July 8 – The New York Yankees are shut out, 4–0, by Rube Walberg and the Philadelphia Athletics. It is the Yankees' seventh loss in a row, and second shut out in that stretch (July 4 against the Washington Senators). They are the only two shut outs the Yankees suffer all season.
September 20 – Bill Terry goes four-for-five in the first game of a double header and two-for-four in the second to raise his season average to .402. He goes five-for-seven in a double header the next day to see his average go as high as .406. He ends the season with a .401 batting average. He is the last National Leaguer to bat over .400.
October 1 – The Philadelphia Athletics defeat the St. Louis Cardinals 5-2 in game one of the 1930 World Series despite being out hit 9-5. All five hits by the A's are for extra bases (a double, two triples & two home runs).
October 4 – Bill Hallahan gets out of a bases loaded jam in the first inning by striking out Bing Miller. From there, he settles in, and leads the Cardinals to a 5–0 victory in game three of the World Series.
October 5 – Jimmie Dykes' throwing error in the fourth leads to two unearned runs as the Cardinals even up the series with a 3–1 victory.
October 6 – Jimmie Foxx breaks open a scoreless game with a two run home run in the ninth to give the A's the 2–0 victory in game five.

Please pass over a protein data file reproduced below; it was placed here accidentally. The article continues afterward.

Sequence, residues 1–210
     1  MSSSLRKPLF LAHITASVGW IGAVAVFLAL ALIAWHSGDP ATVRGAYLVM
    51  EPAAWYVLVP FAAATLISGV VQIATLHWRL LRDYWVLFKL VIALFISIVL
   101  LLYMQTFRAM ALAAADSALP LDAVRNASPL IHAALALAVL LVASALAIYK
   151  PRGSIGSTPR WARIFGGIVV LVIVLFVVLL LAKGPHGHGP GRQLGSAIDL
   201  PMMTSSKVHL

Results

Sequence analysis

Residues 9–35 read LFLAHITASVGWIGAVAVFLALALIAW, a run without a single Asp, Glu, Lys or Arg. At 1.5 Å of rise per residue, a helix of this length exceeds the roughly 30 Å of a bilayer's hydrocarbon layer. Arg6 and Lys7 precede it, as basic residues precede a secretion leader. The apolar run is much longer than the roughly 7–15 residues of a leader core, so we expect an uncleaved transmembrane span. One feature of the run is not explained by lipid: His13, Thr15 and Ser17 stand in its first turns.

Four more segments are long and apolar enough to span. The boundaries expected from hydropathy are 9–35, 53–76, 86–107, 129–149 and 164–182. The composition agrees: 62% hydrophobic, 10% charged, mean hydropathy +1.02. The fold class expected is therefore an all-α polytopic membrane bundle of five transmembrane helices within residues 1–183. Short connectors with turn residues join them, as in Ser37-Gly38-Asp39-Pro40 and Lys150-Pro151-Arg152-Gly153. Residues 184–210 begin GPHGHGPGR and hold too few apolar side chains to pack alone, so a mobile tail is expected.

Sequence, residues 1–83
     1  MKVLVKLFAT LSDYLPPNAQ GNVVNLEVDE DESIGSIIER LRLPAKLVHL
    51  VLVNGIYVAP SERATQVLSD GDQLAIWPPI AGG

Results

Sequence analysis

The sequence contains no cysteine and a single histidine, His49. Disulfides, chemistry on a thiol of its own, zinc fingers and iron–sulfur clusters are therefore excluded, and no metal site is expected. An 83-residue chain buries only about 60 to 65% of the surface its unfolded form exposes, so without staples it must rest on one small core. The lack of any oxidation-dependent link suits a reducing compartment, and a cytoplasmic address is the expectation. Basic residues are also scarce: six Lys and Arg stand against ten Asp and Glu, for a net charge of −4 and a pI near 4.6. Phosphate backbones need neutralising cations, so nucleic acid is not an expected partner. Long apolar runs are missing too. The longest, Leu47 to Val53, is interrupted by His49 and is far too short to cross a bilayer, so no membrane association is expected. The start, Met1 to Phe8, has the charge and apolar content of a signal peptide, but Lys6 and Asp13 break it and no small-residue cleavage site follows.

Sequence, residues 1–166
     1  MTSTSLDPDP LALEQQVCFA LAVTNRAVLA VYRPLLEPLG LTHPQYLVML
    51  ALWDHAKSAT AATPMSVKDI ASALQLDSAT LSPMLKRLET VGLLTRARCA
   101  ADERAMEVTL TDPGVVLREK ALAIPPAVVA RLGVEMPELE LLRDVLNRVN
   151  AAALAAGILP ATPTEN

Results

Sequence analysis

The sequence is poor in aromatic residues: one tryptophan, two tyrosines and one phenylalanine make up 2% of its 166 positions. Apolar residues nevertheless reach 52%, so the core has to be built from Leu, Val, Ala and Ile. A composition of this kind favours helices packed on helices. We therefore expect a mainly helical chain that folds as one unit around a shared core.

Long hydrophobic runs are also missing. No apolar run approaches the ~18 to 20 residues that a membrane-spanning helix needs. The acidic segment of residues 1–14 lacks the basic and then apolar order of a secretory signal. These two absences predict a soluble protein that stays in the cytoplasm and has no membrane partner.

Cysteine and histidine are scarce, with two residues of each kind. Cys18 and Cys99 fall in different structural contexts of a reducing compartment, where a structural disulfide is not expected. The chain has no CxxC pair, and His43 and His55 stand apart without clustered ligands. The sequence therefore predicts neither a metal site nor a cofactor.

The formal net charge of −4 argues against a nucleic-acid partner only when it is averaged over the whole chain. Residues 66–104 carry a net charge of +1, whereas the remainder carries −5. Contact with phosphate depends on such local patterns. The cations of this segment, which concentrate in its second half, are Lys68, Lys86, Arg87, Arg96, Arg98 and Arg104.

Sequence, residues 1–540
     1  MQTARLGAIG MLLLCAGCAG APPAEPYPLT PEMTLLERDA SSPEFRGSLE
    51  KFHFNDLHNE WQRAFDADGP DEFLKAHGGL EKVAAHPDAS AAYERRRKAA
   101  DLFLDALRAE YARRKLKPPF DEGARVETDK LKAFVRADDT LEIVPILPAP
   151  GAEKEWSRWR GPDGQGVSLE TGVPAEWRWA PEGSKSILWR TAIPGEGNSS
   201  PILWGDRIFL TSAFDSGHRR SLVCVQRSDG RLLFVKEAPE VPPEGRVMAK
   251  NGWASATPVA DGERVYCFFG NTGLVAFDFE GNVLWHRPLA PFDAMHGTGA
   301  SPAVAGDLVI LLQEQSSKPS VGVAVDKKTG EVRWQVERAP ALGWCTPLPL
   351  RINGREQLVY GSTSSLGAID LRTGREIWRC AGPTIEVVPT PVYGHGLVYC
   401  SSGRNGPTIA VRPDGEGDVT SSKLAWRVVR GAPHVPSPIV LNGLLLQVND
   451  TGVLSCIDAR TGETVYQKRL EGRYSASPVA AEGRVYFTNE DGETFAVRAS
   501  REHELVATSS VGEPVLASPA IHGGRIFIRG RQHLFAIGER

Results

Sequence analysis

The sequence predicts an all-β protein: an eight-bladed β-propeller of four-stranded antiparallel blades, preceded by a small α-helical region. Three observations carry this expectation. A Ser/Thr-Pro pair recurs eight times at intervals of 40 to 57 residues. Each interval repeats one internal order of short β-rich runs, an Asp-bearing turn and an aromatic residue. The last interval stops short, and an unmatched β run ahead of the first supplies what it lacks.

October 8 – The Philadelphia Athletics defeated the St. Louis Cardinals, 7–1, in Game six of the World Series to win their second consecutive World Championship, and fifth overall, four games to two. This would be the Athletics' last World Series championship in the city of Philadelphia.
November 10 – Veteran pitcher Hippo Vaughn is reinstated by Judge Landis after eight years of ineligibility. Vaughn, who had lost a double no-hitter duel to Fred Toney in the 1917 season, had jumped the Chicago Cubs in 1922. Vaughn chose to pitch for a semi-professional team following a salary dispute with Chicago. He will go to spring training with the Cubs in 1931 but will fail to make the team at age 43.
January 8 – Charlie Flannigan, 38, third baseman/outfielder for the 1913 St. Louis Browns.